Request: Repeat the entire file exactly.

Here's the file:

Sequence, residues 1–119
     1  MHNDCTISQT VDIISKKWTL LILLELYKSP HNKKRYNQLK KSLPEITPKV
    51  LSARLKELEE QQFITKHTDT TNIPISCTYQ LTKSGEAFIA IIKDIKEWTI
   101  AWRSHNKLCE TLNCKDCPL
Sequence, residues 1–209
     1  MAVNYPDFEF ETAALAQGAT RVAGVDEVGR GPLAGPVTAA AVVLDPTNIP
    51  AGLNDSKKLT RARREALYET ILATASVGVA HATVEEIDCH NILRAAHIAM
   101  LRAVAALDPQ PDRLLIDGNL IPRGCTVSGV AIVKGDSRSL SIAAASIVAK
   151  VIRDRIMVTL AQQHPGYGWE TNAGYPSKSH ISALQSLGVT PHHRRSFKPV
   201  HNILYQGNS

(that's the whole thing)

Sequence, residues 1–119
     1  MHNDCTISQT VDIISKKWTL LILLELYKSP HNKKRYNQLK KSLPEITPKV
    51  LSARLKELEE QQFITKHTDT TNIPISCTYQ LTKSGEAFIA IIKDIKEWTI
   101  AWRSHNKLCE TLNCKDCPL
Sequence, residues 1–209
     1  MAVNYPDFEF ETAALAQGAT RVAGVDEVGR GPLAGPVTAA AVVLDPTNIP
    51  AGLNDSKKLT RARREALYET ILATASVGVA HATVEEIDCH NILRAAHIAM
   101  LRAVAALDPQ PDRLLIDGNL IPRGCTVSGV AIVKGDSRSL SIAAASIVAK
   151  VIRDRIMVTL AQQHPGYGWE TNAGYPSKSH ISALQSLGVT PHHRRSFKPV
   201  HNILYQGNS